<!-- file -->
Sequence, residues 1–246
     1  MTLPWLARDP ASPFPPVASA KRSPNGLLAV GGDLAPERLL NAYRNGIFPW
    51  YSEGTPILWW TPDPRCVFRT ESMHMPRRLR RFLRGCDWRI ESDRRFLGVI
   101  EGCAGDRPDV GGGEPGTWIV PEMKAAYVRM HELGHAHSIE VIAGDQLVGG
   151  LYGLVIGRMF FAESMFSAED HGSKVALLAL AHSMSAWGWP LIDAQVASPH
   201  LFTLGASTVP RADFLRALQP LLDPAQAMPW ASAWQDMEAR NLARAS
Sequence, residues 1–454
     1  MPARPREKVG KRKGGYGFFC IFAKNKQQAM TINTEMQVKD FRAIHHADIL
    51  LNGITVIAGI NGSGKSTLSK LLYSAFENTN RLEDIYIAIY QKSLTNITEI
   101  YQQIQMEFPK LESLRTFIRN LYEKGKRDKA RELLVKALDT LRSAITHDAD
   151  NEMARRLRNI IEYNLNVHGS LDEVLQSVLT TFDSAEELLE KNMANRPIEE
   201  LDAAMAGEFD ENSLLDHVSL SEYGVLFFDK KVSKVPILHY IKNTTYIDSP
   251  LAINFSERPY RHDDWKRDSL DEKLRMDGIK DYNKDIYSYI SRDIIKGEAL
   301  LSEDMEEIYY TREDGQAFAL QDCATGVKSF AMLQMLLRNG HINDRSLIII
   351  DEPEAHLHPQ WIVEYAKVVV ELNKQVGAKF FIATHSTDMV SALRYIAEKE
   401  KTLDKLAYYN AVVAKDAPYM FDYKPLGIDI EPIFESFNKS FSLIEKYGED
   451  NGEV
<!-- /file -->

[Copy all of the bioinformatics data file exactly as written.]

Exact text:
Sequence, residues 1–246
     1  MTLPWLARDP ASPFPPVASA KRSPNGLLAV GGDLAPERLL NAYRNGIFPW
    51  YSEGTPILWW TPDPRCVFRT ESMHMPRRLR RFLRGCDWRI ESDRRFLGVI
   101  EGCAGDRPDV GGGEPGTWIV PEMKAAYVRM HELGHAHSIE VIAGDQLVGG
   151  LYGLVIGRMF FAESMFSAED HGSKVALLAL AHSMSAWGWP LIDAQVASPH
   201  LFTLGASTVP RADFLRALQP LLDPAQAMPW ASAWQDMEAR NLARAS
Sequence, residues 1–454
     1  MPARPREKVG KRKGGYGFFC IFAKNKQQAM TINTEMQVKD FRAIHHADIL
    51  LNGITVIAGI NGSGKSTLSK LLYSAFENTN RLEDIYIAIY QKSLTNITEI
   101  YQQIQMEFPK LESLRTFIRN LYEKGKRDKA RELLVKALDT LRSAITHDAD
   151  NEMARRLRNI IEYNLNVHGS LDEVLQSVLT TFDSAEELLE KNMANRPIEE
   201  LDAAMAGEFD ENSLLDHVSL SEYGVLFFDK KVSKVPILHY IKNTTYIDSP
   251  LAINFSERPY RHDDWKRDSL DEKLRMDGIK DYNKDIYSYI SRDIIKGEAL
   301  LSEDMEEIYY TREDGQAFAL QDCATGVKSF AMLQMLLRNG HINDRSLIII
   351  DEPEAHLHPQ WIVEYAKVVV ELNKQVGAKF FIATHSTDMV SALRYIAEKE
   401  KTLDKLAYYN AVVAKDAPYM FDYKPLGIDI EPIFESFNKS FSLIEKYGED
   451  NGEV